2. Donny Hathaway - This Christmas
  3. Mariah Carey - Santa Claus is Coming to Town
  4. Wham! -Last Christmas
  5. Boyz II Men - Let it Snow
  6. Bing Crosby - White Christmas
  7. Nat King Cole - The Christmas Song
  8. Frank Sinatra - Mistletoe and Holly
  9. Burl Ives - A Holly Jolly Christmas
  10. Brenda Lee -Rockin Around the Christmas Tree

For those on Spotify, we are going to add more to this list for our full list.

Tuesday, December 2, 2014

New Music:Death From Above 1979-

Death from Above 1979
By The Rock-It Scientist | December 2nd 2014

As I'm checking out all these indie bands with my partner on our business burrito night, I've come across this band that have this awesome sound and I decided to check out more.  I've come to discover that I need to search harder for awesome music because how did I not catch this band before they broke up in 2006?  Well lucky for me, they reunited and released the song Train Wreck 1979 which has this, in your face guitar riff that sounds like a locomotive coming right for you and the drums pounding like your heart when seeing the locomotive comes closer.  Off of their September 2014  release, The Physical World Death From Above 1979 Is an album that I'm going to add to my collection.  DFA 1979 is on tour now, tonight they play the House of Blues, Boston and then they are from to Canada Eh!

Here are some Amazon Reviews:

By Jason Harrington "Trucker Hater Magazine"
This review is from: The Physical World (LP+MP3) (Vinyl)
Consistency has always been the strong suit of this duo, and The Physical World is no exception. When you put on a Death From Above album you pretty much know what to expect and it stays the course until the end. When they made their first album the concept was more natural, but now we get to hear the result of the artists knowing they nailed it the first time, and going back to respond to that in a very premeditated way, with overproduced results. They can obviously write a mean riff and ride it out, but when they stripped away the fuzz, it left the sound very raw. When they debuted on the scene, the musical climate was different, and they drew comparisons mostly to indie artists with driving beats and a raw rock feel, like White Stripes or groups from the dance-punk side of the spectrum. It's just not like that now. Now it's much harder to divide them from stoner-metal, on sound alone. They seem to teeter between a sort of safely cool Queens of the Stone Age, and a more pop-rock side that occasionally veers a bit too close to something like Thrice or Open Hand. Those groups are fine, and this is pretty much a great rock album if you ever liked Foo Fighters, but their punk rock side is given full Hot Topic treatment here, and the genre signifiers are just a bit dangerous. That if you look up "related artists" you get The Vines and At the Drive-in. Those are a lot better comparisons than Wolfmother or Finch, but I expect these guys to be on tour with Tame Impala, and that could go either way, much like my feelings while listening to this album. I might listen to it again, but I'm not in a rush.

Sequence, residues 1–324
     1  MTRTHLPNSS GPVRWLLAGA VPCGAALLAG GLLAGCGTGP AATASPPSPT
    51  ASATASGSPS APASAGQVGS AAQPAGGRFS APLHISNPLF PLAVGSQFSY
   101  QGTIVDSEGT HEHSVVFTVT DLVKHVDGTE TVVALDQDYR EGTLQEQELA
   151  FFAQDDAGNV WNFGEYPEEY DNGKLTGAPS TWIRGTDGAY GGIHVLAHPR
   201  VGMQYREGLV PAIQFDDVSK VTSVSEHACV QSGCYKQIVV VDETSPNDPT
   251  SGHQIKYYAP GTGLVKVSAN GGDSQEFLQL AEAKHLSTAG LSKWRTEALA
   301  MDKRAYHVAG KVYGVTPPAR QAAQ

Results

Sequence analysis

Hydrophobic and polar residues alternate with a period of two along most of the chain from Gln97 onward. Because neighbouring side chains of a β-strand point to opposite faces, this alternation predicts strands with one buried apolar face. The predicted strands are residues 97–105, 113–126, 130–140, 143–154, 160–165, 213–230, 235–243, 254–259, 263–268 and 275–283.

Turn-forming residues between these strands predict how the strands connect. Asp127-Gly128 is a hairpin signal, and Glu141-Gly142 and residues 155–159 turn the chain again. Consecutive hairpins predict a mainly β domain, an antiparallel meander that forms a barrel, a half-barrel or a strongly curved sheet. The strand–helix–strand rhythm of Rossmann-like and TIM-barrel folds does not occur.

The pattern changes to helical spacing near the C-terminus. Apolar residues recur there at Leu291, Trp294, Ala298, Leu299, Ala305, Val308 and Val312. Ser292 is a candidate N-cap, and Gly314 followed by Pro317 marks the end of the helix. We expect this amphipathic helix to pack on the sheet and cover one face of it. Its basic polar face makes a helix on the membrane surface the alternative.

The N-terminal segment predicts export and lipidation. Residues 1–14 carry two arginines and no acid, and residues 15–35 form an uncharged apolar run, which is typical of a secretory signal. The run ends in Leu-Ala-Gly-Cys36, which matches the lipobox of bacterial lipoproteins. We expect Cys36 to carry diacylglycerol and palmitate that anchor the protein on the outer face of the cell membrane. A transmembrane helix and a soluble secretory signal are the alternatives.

Verified Purchase(What's this?)
This review is from: The Physical World (Audio CD)
Few bands sounded like DFA1979 did in 2004, when they released the landmark You're A Woman, I'm A Machine. In 2014, even fewer do. DFA's frenetic energy and danceable rhythms have been sorely missed in a landscape marred by soulless pop and limp-wristed 'indie'.

If you're familiar with You're A Woman, and you probably are if you're here, you already know what to expect from them. And if you don't, you're in for a treat, because DFA brings all the groove of old school rock n' roll into a disgustingly dirty, back to basics sound (after all, there ARE only two members). On this second album, all of those traits are intact - though with an ever-so-catchier slant. The Physical World is a bit smoother around the edges than it's predecessor, but that's to be expected from a band well into their 30s, and their decision to use a producer this time around. However, it works wonderfully to their benefit, because all that energy and groove is more tightly focused into memorable songs. Some people will slight them for that, and that's fine, but songs like Trainwreck 1979 and Always On have refused to leave my head since the initial iTunes stream.

At just a little over 35 minutes, The Physical World comes and goes in a moment. One bad song on an album that short could very well sink it, but from start to finish, it's a consistent, straight forward listen that doesn't slow down (except for the slow-burning White Is Red, which features some excellently melodic bass playing). Too many bands mire themselves in the fatal disease of taking themselves too seriously - Death From Above know exactly how to have some fun.

Similar artist: Strokes, Queens of the Stone Age, White Stripes

Thursday, January 9, 2014

Happy New Year!

Happy New Year to all of you who are still here and viewing our blog on the regular.

We think of you all daily!